• Banking: Bank Financing of International Trade
  • October 2, 2007
  • Law Firm: Fowler White Boggs P.A. - Tampa Office
  • With the U.S. dollar now trading at lows to many other currencies, banks are receiving more loan requests from U.S. manufacturers to expand capacity for export orders. These companies often are unprepared for export sales. Banks should help companies incorporate basic precautions into their loan requests to prevent repayment problems.

     

    The best strategy for banks is to require that exporting customers get a substantial order deposit from offshore  buyers or a letter of credit guaranteeing payment if the order terms are met. Ideally, the letter should be guaranteed and confirmed by a U.S. bank. Often, however, the transaction’s size does not warrant the economic burden of securing a letter of credit. Then, the U.S. bank should at least require that its customers be paid upon  the exporter’s presentation of readily identifiable shipping, transaction and title documents upon shipment.

     

    Bankers also may receive loan requests if exporters need to cover lost revenue when an offshore customer refuses to pay or delays payment. While the customer’s domestic receivables may provide sufficient collateral, the preferable option is to require receipt of payment and the bank’s confirmation of deposit before shipping.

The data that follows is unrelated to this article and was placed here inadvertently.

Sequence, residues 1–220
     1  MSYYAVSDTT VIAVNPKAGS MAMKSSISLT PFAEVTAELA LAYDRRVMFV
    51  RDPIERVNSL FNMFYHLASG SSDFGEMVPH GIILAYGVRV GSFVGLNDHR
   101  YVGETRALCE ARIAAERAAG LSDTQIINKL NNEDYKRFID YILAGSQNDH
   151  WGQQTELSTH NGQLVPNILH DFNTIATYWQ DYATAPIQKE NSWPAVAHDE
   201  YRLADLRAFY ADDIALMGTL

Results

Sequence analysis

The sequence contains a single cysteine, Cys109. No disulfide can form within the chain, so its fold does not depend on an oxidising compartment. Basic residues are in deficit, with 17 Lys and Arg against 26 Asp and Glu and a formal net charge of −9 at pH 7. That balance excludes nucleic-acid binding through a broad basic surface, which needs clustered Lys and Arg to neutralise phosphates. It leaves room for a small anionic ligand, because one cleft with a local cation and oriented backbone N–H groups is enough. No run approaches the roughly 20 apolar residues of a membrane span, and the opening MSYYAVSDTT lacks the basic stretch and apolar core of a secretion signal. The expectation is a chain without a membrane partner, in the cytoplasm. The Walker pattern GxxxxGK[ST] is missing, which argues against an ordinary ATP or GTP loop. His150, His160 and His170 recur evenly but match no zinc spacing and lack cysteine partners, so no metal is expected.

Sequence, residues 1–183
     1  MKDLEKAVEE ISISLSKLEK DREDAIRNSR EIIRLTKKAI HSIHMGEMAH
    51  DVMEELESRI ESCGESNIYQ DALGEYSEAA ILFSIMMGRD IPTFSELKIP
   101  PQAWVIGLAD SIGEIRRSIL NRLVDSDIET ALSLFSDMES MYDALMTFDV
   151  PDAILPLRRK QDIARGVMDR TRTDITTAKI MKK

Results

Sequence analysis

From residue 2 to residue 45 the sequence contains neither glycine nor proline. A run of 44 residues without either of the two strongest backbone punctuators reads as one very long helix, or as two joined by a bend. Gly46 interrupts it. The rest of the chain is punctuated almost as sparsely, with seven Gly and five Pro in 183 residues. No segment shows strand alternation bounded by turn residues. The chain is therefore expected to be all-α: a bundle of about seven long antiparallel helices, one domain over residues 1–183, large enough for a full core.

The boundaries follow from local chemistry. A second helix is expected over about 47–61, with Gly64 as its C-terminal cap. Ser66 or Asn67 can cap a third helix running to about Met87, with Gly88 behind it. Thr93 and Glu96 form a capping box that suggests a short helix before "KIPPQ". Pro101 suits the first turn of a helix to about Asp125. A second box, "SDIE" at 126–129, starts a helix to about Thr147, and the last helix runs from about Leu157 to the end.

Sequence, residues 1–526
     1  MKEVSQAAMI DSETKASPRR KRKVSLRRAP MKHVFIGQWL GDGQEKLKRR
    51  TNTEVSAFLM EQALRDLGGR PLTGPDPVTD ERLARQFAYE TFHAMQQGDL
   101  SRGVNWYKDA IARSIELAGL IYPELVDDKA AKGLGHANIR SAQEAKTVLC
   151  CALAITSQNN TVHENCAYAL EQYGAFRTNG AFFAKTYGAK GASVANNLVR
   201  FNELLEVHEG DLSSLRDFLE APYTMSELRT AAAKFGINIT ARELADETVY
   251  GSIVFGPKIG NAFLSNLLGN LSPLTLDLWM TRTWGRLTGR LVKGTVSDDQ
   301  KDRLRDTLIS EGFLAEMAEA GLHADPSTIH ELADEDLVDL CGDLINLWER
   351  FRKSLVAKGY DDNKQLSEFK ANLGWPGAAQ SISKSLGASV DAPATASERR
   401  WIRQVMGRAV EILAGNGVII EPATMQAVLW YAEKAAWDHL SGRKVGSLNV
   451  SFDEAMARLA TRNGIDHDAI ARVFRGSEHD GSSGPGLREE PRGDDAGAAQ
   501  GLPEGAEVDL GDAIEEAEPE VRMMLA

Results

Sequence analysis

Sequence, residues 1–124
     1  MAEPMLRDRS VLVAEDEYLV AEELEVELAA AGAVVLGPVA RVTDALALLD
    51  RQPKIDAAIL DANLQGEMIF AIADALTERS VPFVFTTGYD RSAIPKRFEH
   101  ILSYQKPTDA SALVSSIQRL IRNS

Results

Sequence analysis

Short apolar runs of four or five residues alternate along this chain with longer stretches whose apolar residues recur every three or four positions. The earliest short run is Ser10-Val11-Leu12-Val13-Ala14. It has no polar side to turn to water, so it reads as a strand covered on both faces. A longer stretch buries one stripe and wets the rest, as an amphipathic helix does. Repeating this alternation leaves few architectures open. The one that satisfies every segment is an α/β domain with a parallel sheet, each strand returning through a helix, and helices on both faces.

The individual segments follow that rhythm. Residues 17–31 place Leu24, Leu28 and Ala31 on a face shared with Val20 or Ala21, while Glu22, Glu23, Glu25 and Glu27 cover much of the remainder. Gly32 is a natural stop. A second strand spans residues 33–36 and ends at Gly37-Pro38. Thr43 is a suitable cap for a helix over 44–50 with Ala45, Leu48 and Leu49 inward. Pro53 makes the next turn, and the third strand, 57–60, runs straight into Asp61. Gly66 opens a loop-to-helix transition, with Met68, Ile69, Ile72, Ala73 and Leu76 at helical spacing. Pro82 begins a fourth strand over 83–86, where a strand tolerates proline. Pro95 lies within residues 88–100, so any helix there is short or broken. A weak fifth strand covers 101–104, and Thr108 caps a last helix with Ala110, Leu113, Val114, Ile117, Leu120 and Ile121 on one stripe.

Since such terms are not easy to obtain, banks should advise customers to prepare for a breach by including favorable dispute resolution provisions in the export contract, including the ability to sue in the United States. Then, after the exporter claims breach of contract, any orders not shipped to the defaulting foreign buyer may be  sold to repay the loan. A banker’s best policy, however, is to avoid such eventualities by advising customers on all financing options and related risks before they accept an export order.